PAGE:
OTTAWA, Jan. 26, 2012 /CNW/ - The Forest Products Association of Canada (FPAC) says the opening of the world's first nano-crystalline cellulose (NCC) plant in Canada is clear evidence of the rapid transformation of the forest sector and its growing role in the emerging bio-economy.
Leading edge research by FPInnovations has led to the official opening today of the CelluForce plant in Windsor Quebec which will fabricate NCC for eventual use in such products as paints and coatings, films and barriers, textiles, and composites.
"This kind of development underscores the new business model that consolidates the economics of wood and pulp and paper production with the extraction of innovative new bio-energy, bio-chemicals and bio-materials," says the President and CEO of FPAC, Avrim Lazar. "Extracting more value from every tree harvested is going to have an extraordinary impact for Canada economically, environmentally and socially."
FPAC, with the collaboration of FPInnovations, had led a breakthrough study called the New Face of the Canadian Forest Industry: the Emerging Bio-Revolution that did exhaustive research on how to best position the next generation forest products industry. It concluded that the forest products industry in Canada was uniquely position to take advantage of the new bio-economy and exploit a potential global market of $200 billion for bio-products made from renewable wood fibre.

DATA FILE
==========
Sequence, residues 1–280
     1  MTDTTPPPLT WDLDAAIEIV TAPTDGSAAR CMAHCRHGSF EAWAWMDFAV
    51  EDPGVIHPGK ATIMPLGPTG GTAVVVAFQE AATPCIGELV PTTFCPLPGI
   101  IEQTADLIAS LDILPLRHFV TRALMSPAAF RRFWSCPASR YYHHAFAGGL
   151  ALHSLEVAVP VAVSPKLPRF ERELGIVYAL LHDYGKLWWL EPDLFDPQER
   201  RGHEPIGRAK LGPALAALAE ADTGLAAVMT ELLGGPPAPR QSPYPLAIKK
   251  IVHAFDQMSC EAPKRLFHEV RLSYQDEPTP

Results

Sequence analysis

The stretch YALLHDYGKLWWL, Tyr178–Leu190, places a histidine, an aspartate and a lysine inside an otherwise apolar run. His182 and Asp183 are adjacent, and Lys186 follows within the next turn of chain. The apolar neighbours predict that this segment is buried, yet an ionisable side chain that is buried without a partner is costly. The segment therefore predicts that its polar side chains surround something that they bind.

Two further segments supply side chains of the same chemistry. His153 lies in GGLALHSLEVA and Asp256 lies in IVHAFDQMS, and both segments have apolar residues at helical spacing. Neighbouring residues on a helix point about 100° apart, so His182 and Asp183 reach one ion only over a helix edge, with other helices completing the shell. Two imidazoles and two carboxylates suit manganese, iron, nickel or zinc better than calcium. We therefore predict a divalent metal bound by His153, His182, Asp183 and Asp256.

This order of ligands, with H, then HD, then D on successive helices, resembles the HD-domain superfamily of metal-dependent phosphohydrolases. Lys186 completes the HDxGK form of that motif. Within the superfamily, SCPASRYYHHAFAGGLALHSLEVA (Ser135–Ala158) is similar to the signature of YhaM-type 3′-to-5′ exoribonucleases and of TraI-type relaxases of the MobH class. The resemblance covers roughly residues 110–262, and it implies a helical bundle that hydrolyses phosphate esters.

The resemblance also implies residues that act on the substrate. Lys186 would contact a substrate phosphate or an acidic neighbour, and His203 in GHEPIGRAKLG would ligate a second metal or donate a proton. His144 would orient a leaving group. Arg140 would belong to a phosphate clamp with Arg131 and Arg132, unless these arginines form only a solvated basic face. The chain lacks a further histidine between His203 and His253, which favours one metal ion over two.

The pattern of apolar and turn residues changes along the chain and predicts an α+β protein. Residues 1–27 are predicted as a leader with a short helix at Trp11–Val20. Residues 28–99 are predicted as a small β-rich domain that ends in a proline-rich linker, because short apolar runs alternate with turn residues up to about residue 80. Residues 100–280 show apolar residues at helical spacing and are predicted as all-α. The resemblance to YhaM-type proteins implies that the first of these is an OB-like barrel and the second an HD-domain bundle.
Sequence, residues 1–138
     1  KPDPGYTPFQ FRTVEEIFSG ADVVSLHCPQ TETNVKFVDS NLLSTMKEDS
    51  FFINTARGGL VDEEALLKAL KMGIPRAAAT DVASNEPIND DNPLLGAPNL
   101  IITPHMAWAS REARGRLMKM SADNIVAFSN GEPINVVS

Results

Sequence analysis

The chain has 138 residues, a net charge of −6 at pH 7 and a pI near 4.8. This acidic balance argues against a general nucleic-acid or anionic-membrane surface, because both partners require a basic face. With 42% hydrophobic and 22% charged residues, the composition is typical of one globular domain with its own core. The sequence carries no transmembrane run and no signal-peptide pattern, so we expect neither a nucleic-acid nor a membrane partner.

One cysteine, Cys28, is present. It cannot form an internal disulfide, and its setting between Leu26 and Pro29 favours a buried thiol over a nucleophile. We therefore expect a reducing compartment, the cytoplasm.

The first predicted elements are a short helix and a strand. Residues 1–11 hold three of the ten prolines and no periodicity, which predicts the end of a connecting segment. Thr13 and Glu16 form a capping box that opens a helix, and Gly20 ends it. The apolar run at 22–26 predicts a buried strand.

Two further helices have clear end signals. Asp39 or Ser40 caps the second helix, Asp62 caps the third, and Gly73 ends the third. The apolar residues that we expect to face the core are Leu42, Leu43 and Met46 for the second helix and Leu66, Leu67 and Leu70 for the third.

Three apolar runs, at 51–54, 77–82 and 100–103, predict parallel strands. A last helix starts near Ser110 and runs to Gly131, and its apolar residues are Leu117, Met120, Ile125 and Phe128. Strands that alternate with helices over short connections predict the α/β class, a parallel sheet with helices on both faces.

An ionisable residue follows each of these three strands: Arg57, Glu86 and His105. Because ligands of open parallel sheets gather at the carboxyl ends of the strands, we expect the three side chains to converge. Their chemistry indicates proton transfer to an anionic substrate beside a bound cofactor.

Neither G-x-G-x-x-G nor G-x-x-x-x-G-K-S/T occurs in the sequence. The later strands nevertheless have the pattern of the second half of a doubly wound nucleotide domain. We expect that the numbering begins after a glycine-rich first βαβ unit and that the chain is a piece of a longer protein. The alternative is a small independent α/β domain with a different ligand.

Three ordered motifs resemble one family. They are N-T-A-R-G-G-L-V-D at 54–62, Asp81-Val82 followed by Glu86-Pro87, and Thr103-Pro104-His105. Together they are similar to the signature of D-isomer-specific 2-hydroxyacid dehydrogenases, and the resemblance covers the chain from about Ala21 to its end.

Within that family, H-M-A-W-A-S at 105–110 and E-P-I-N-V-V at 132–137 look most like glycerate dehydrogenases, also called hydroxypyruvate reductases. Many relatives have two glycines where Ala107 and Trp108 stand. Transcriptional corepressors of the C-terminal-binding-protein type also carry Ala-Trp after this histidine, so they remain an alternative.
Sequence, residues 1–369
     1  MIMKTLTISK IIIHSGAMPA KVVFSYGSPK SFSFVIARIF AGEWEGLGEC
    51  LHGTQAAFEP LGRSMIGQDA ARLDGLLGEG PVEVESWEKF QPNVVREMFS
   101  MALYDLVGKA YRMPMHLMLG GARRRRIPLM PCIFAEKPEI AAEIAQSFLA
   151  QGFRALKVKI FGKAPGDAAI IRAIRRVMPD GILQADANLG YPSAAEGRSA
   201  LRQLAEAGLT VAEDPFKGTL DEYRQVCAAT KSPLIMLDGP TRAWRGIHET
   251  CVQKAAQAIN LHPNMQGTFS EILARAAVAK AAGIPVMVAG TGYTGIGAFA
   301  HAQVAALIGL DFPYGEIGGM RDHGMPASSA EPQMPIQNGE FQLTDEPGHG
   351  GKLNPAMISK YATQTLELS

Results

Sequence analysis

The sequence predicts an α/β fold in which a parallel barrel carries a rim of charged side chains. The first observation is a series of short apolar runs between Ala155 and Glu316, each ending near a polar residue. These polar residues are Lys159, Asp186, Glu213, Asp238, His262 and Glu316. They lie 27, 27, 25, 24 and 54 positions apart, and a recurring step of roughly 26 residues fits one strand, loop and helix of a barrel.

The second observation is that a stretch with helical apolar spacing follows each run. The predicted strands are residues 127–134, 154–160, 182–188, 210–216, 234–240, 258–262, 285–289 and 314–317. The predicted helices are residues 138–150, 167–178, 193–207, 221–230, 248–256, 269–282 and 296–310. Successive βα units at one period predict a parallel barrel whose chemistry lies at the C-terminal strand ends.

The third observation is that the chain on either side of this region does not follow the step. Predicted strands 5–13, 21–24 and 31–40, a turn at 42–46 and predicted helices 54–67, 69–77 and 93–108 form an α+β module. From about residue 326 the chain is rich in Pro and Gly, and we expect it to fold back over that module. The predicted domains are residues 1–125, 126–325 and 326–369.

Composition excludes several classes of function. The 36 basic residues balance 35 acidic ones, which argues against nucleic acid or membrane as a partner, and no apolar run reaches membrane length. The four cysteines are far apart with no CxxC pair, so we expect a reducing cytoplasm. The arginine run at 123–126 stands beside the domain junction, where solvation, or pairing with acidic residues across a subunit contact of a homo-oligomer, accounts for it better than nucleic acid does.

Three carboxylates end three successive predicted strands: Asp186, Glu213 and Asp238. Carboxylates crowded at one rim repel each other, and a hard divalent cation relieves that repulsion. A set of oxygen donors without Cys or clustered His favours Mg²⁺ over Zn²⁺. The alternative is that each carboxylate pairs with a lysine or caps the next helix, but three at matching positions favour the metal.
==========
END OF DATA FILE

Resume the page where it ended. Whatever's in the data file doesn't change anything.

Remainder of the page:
"There is an immense economic potential that will keep Canada's forest industry and communities that depend on it on a strong footing for both today and tomorrow." says Lazar. "Governments have been welcome partners in the exciting re-invention of our industry and we welcome their continued support to help us compete with forest industries in other countries that are also aggressively pursuing these opportunities."
FPAC has also set up the Bio-Pathways Partnership Network to bring together sectors such as the chemical, energy, auto and aerospace industries to promote collaboration with forest products companies on the new innovative products.
"With this new network, we are inviting other sectors to partner with FPAC members to take advantage of the potential of the bio-economy with exciting new products, new technologies and new markets." says Lazar. "It's now time to embrace the growing potential of the new forest products industry."
FPAC provides a voice for Canada's wood, pulp, and paper producers nationally and internationally in government, trade, and environmental affairs. The $57-billion-a-year forest products industry represents 2% of Canada's GDP and is one of Canada's largest employers operating in hundreds of communities and providing 240,000 direct jobs across the country.
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